|by Alan Ayckbourn
Directed by Alan Hooper
October 11 & 12, 1996
[ Photographs ]
Alan Ayckbourn is now one of Britain's most commercially successful playwrights, with
regular West End and repertory productions. He has written forty-nine plays to date of
which twenty-five have been produced in the West End, at the National Theatre or at the
Born in London in 1939, he left school at eighteen and started his theatrical career as
an actor and stage manager with Donald Wolfit's Studio Theatre Company. In the early 1960s
he moved to Stephen Joseph's Studio Theatre Company, where he began directing and writing
with the encouragement of Joseph. His first big success, Relatively Speaking,
opened in London in 1967.
He is now Artistic Director of the Stephen Joseph Theatre in Scarborough, for which he
first writes his plays. Although many of these have transferred to London, he continues to
be based in Scarborough. He is also an established director not only of his own work but
other peoples. He says of himself that he is a director who writes rather than a writer
who directs. He received an award for his direction of the National Theatre production of A
View From A Bridge by Arthur Miller. His production of Conversations With My
Father transferred to the Old Vic from Scarborough.
He is a superb theatrical craftsman and his plays are often constructed around a tour
de force of staging: The Norman Conquests is a trilogy of plays each of which
stands on its own and presents the same events from the garden, sitting room and dining
room. How The Other Half Loves, Absurd Person Singular and Bedroom
Farce each present more than one household on stage simultaneously; Way Upstream
required a river boat on the stage of the National Theatre.
His plays have their roots in the tradition of farce. He has, however, stretched the
boundaries of comedy and farce as his work has developed; increasingly the comings and
goings of married couples are injected with a note of black comedy and social groups have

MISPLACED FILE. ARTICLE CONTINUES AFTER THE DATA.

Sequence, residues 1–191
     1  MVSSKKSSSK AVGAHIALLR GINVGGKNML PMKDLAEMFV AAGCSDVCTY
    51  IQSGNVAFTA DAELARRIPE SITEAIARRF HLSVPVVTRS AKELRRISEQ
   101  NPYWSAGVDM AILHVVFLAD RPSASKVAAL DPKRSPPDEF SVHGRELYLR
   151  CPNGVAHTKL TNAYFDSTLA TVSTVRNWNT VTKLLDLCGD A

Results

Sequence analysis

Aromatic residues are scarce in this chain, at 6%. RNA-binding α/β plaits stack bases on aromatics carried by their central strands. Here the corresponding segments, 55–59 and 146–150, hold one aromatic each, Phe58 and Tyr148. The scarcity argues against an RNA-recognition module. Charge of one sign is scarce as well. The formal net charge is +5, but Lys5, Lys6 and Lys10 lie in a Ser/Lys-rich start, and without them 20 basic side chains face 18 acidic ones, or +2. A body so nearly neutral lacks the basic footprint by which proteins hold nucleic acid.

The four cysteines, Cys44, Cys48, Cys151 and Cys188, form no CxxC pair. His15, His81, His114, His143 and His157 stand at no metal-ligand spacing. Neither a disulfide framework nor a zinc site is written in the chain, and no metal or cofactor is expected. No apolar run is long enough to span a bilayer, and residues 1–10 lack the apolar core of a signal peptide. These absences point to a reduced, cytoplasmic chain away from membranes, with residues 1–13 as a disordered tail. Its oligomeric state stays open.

an undercurrent which suggests the darker side of human interchange. Absent Friends
contains many examples of these.
One reason for his success might be that his work challenges his audience, but
challenges them within well defined limits. The subject matter of many of his plays is
middle class values together with a lifestyle under threat - but not too much. His
characters remind us of people we know (never ourselves). The comedy comes from being
thankful that we have avoided being involved with such people in such grotesque comic
situations. Absent Friends is a masterpiece of social embarrassment, a
beautifully intricate piece where silence becomes punishment, created, as it constantly
is, by a mis-timed phrase or a mis-chosen word; "Don't drown it" requests Marge
of the milk quota in her tea.
Ayckbourn makes his audience work by creating, in their imaginations, off-stage worlds
and characters who are jokes in themselves. In Absent Friends the dreadful
Gordon, who looks like "a polythene bag full of water" is just such a character.
Many of his characters want to be someone else. In this play John wants Paul's success,
Diana wants to join the Royal Canadian Mounted Police. If they don't want to be someone
else they don't appear to enjoy their existence - Evelyn, for example.
Ayckbourn's plays are known throughout the world - he even has a street named after him
on Broadway (New York). He was appointed a CBE in 1987 and holds a number of honorary
degrees. During 1992 he was the Cameron Mackintosh Professor of Contemporary Theatre at St
Catherine's College, Oxford.
"If you write comedies you've got to be serious about them and take
the characters seriously; and all the best comedy is rooted in deeply serious things and
throws light upon aspects of life we're frightened to think about. This will make me sound
like Max Bygraves, but it seems to me a good thing if you can outline some of the small
areas of grey anxiety in people's minds and say that this can be dealt with a little more